“He was very radical,” Saiedi said.

Accused of being an apostate, Shirazi was jailed and eventually executed by a government firing squad in 1850. Iranian authorities also persecuted and killed many of his followers, especially after two of the Bab’s followers tried to assassinate the shah in 1852.

Soon, one devoted follower, Mirza Husayn Ali, became the leader of the decimated group, eventually saying he was the promised teacher, or Baha’ullah, whom the Bab had prophesied would come. Again seeing a threat to their power, Iranian authorities exiled Baha’ullah along with dozens of his relatives and followers to Baghdad, then Istanbul, then eventually to the Ottoman Empire’s notorious citadel in Akko in Palestine.

In prison, and later under house arrest in Akko, Baha’ullah wrote thousands of pages, developing what would become the religion’s main tenets. Although he continued to gain followers in Iran and Iraq—some of whom journeyed to Akko to view his dwelling from afar—he temporarily banned spreading the new faith in all of Ottoman Palestine. This was because he did not want to risk stirring up trouble with the local Muslim clerics and Ottoman officials, Saiedi said: “He made this decision to guarantee his safety so he could continue his revelations and writings.”

It was only after Baha’ullah’s death in 1892 that the religion began to emerge on the world stage, with Baha’ullah’s son Abdul Baha traveling to the United States and Europe, speaking about the new religion and gaining followers. The Baha’is also began to build a permanent home in Palestine. Baha’ullah’s tomb near Akko emerged as a holy place, attracting pilgrims and becoming the place that all Baha’is faced during their daily prayers—the only prescribed ritual in the new religion. A stone mausoleum was also erected on Mount Carmel in Haifa, where Baha’i officials say the remains of the Bab were buried in 1906, after being smuggled out of Iran. Gardens were planted around it, laying the groundwork for its eventual grandeur.

When the state of Israel was established in 1948, the government granted the Baha’is tax-exempt status as a religious group, and permission for the massive development of Mount Carmel. By the 1950s, the Baha’is, with money raised by followers abroad, had built the elaborate golden-dome structure over the Bab’s mausoleum along with a large white marble building modeled on the Parthenon in Athens that houses the religion’s archives and administrative center.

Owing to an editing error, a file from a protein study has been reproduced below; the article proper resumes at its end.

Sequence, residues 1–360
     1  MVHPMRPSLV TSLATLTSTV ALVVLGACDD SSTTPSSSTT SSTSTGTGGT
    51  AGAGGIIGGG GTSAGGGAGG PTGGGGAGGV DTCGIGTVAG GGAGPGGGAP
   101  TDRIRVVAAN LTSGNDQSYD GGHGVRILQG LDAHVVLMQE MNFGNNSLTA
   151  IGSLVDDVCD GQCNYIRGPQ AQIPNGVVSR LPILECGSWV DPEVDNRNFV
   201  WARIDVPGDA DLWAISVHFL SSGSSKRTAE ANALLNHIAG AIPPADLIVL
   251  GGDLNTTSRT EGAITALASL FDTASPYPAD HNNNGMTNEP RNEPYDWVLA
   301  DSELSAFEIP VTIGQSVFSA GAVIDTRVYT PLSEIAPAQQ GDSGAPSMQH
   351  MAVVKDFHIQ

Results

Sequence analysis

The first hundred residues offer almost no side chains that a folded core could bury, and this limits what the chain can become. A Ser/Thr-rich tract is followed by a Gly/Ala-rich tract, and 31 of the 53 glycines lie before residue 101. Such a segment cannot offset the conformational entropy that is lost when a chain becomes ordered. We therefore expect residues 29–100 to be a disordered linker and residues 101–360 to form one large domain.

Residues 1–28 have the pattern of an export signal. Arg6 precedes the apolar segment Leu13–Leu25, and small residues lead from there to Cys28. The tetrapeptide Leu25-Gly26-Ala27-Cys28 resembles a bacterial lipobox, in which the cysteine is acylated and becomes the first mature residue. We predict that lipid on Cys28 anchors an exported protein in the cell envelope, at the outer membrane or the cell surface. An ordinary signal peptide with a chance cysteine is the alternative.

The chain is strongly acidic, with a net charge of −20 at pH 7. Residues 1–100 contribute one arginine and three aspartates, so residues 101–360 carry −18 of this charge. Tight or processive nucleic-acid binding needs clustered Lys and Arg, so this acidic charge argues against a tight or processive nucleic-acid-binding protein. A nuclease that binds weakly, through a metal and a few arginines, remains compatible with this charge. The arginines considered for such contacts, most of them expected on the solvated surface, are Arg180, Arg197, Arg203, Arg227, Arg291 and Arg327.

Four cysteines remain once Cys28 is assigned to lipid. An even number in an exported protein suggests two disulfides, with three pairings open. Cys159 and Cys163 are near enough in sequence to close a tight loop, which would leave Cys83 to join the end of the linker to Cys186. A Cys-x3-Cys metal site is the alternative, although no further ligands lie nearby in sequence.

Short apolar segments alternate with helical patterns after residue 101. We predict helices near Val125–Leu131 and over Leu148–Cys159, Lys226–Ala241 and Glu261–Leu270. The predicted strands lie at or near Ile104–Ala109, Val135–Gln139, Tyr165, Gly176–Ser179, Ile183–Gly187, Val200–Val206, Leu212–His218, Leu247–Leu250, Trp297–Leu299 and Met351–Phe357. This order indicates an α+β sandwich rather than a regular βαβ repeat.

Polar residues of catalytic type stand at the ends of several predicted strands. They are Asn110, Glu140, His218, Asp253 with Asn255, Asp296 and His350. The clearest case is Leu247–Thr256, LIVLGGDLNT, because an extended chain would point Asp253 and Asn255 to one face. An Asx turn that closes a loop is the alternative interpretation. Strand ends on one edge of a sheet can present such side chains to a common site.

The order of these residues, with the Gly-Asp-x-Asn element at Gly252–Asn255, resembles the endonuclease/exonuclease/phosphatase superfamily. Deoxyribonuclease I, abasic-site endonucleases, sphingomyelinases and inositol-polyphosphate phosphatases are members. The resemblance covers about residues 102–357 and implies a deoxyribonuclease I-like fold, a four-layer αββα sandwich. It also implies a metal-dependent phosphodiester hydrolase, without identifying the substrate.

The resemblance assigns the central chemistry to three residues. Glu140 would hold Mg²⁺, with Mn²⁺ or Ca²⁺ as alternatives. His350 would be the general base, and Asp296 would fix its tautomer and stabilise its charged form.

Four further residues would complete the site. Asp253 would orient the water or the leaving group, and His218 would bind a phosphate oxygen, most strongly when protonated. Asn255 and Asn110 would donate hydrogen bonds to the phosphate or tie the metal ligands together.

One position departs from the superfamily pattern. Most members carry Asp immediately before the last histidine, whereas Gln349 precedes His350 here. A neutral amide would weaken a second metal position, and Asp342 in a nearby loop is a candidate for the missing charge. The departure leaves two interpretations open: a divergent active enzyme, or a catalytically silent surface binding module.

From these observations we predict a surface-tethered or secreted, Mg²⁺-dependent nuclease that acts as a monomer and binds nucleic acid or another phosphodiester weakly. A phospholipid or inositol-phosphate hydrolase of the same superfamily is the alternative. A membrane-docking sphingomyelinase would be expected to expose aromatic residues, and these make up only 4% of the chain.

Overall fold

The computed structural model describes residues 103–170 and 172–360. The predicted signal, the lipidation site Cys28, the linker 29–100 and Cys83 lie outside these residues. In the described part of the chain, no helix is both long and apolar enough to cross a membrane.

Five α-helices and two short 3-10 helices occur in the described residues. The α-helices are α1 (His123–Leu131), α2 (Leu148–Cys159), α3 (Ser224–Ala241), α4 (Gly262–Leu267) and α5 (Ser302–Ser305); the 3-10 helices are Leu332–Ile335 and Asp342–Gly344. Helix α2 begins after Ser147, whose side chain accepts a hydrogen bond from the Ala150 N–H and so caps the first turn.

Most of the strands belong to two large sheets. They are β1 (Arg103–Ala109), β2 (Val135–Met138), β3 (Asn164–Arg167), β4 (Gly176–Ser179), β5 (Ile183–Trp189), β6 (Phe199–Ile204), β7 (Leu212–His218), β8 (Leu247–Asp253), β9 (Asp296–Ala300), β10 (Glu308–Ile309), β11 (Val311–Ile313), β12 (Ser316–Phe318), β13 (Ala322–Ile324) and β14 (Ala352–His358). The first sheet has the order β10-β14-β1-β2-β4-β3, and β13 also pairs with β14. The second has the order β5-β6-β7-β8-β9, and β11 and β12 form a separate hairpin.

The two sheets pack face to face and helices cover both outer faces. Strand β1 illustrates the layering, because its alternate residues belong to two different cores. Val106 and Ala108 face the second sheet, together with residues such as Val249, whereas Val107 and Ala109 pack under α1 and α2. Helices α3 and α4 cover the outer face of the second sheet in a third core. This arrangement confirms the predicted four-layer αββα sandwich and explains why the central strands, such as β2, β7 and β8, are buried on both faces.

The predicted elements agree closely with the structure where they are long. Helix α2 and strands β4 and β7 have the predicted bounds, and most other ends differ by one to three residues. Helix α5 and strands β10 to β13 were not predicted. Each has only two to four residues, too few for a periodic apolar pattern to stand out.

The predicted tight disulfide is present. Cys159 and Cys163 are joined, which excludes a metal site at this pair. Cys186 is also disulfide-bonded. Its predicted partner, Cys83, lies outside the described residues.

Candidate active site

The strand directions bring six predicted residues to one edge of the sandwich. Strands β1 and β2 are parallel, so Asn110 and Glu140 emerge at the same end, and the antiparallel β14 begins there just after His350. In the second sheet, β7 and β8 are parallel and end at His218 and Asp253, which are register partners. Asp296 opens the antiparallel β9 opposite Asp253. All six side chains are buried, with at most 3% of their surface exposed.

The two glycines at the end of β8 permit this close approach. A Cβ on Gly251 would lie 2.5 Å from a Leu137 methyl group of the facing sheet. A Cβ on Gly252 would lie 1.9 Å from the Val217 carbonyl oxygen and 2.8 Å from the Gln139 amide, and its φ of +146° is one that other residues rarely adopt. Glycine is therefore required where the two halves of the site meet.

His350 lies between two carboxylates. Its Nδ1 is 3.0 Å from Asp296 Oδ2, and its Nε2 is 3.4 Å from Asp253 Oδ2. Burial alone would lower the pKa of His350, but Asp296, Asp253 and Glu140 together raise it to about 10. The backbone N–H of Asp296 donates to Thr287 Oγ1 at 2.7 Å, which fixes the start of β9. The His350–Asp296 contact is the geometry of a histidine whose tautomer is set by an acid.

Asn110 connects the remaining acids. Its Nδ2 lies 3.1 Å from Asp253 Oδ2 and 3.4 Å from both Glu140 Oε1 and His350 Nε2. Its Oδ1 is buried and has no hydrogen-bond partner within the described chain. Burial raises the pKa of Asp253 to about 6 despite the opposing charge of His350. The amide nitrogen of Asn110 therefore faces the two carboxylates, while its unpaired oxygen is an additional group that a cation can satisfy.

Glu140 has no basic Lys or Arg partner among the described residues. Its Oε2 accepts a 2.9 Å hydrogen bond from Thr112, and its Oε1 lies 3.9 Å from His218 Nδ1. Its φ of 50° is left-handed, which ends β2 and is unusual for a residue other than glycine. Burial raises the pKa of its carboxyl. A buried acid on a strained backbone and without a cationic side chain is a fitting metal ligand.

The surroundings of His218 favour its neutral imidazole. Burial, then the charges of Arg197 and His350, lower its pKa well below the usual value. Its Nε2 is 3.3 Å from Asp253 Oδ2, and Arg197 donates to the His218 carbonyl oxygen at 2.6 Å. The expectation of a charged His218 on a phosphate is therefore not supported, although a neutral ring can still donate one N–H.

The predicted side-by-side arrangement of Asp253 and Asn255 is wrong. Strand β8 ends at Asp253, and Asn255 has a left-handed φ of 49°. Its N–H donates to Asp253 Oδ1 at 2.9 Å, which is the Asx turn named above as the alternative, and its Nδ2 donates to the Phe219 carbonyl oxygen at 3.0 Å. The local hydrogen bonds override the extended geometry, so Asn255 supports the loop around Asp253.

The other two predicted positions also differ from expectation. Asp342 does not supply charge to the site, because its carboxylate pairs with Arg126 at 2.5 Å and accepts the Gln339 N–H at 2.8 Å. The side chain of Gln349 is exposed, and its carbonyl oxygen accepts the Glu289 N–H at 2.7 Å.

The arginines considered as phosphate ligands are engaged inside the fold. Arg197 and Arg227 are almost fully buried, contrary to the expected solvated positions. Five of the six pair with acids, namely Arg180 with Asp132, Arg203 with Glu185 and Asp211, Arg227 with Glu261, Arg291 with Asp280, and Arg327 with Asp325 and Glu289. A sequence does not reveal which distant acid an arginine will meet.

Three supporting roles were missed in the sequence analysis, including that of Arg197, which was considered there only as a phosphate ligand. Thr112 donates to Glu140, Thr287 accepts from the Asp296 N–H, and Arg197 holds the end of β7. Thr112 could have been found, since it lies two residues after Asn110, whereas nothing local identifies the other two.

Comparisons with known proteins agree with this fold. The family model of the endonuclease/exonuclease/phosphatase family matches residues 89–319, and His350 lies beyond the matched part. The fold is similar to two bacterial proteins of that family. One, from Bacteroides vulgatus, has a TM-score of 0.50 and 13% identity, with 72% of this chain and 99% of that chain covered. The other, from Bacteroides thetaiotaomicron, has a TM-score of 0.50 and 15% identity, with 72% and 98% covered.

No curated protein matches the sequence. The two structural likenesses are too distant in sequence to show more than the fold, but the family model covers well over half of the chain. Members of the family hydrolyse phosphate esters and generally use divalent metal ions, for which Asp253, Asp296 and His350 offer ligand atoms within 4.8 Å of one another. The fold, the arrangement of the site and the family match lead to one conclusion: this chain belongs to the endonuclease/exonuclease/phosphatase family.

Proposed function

By the 1950s, the number of local Baha’i residents was “minuscule,” according to Randall Geller, assistant professor of history at Bentley University, who has studied the development of the Baha’i religion. Most of those who had come to Akko with Baha’ullah—and their descendants—had fled during Israel’s War of Independence, or had been ordered to leave the country in a power struggle for leadership by Shoghi Effendi Rabbani, the last leader of the religion, who passed away in 1957, leaving no successor, Geller explained.

To this day, Israel is the only country where the Baha’i leadership, made up of a board of elected officials from around the world that meets in Haifa, bans the spreading of the faith.

Just like in Baha’ullah’s time, they do not want to risk angering local authorities, or breaking Israel’s laws on religious proselytizing, Saiedi said.

“It is still more important for them now that they have a safe base from which to spread the faith globally,” Saiedi said. The religion is spreading most rapidly in developing countries, including in Latin America, Asia, and Africa, Saiedi said, while Baha’is in Iran, Yemen, and other Middle Eastern countries continue to face persecution.

Meanwhile, the upkeep of the shrines and administrative centers in Haifa, including an ongoing project to translate the writings of the Bab and Baha’ullah into more languages, is completely reliant on volunteers and financial donations from abroad.

“Everybody brings their different talents,” said Carmel Irandoust, the deputy secretary general of the Baha’i community, who was born in Paris to Iranian parents who named her after the revered mountain in Haifa.

For the volunteers in Haifa, their time here is an important source of inspiration. “I now have stronger bonds with this place, and feel I have grown spiritually,” said Intalik Milne, who has volunteered as a gardener since 2016, and will return home to Greenland in April. In the Baha’i faith, which has no rituals other than brief daily prayers that followers recite alone in any language of their choosing, spiritual connection is important, Milne explained. As his mission approaches its end, he will try to visit the Bab’s shrine as often as possible. Each time before he enters he walks along the red rock paths in the gardens, then around the shrine itself several times, before leaving his shoes at the door and going inside the building, which is decorated with elaborate carpets and chandeliers, and smells overwhelmingly like roses due to the ubiquitous vases of these flowers, freshly cut form the surrounding gardens.

“More and more I can relate to the person of the Bab,” Milne said. “It really is a special opportunity to be here.”